Do you ever have something that happens to you that you think not only should I have seen that coming, but I could have prepared myself for that failure?
That, my friends, is how I feel about my 2 little loves in heaven.
I feel that I should have seen my miscarriage and subsequent stillbirth coming. I’ve had a tough life, even before those experiences–I spent 4 years just trying to forget the first 18 years of my life. Nothing in my life has ever come easy to me, I have always had to work my ass off and then some. So why did I think my life was suddenly going to turn for the better?
But more so than that, I have this odd feeling I could have prepared myself more. I mean, child loss runs in my family, and if you read my previous posts you can see that I was no stranger to it. So why was I out buying baby clothes, toys, diapers, and registering when I hadn’t even gotten into the 3rd trimester?
In reality, what on earth could I have done to prepare myself? Instead of reading about what body part my child was growing today on my daily app, should I have been finding a book called “How to survive pregnancy loss” or “What it will feel like to hold your dead child”? No! Absolutely not! I was doing the right thing–the best thing. Enjoying the little slice of heaven I thought would last forever.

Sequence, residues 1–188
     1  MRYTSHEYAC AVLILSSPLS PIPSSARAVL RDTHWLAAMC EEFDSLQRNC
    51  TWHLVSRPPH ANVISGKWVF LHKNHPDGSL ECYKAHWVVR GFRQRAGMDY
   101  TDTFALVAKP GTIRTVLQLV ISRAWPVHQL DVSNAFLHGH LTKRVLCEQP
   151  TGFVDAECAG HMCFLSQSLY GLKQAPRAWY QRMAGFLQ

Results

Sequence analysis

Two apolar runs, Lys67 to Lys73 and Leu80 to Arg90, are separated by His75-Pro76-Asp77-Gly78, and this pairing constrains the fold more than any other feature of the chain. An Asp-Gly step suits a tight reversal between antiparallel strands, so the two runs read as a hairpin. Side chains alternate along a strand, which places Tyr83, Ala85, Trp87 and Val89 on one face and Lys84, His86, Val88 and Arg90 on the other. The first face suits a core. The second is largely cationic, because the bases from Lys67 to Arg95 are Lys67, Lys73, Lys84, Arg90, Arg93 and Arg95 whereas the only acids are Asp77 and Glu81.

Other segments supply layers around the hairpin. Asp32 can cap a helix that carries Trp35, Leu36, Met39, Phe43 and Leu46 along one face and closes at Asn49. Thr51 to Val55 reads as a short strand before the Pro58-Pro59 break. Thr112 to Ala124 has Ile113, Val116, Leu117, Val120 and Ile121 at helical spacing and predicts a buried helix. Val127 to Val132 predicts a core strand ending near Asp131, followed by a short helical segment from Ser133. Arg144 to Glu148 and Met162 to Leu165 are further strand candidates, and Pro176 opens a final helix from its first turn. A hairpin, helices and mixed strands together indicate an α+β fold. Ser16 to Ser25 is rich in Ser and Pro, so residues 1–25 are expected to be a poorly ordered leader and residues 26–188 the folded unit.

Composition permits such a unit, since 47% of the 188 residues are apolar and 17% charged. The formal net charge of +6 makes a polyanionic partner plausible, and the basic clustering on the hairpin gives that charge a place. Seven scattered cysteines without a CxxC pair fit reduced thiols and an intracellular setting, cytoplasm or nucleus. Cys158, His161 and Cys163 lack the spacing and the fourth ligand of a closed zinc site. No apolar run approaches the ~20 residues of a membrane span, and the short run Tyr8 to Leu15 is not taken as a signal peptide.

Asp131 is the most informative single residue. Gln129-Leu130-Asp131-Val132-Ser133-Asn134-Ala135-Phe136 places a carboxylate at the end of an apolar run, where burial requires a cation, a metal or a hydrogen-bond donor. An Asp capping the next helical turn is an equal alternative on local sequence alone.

Therein lies the real reason why I think “I should have seen it coming and been prepared”. I have never been a glass-half-full type of person. I am a die-hard glass-half-empty gal. I’d rather think the worst and then be pleasantly surprised. If I wanted something in life-I only wanted it because I knew I could get it-therefore avoiding any kind of disappointment.
But when you become pregnant, everything–every damn thing–changes. You start becoming a different person from the second you see those 2 lines.
That’s what it was. I was becoming a different person and now looking back, I am mad at myself that I started think about that glass being half full, not half empty. Mad at myself for my optimism. My hope. For actually wanting something in life that I couldn’t guarantee I would get.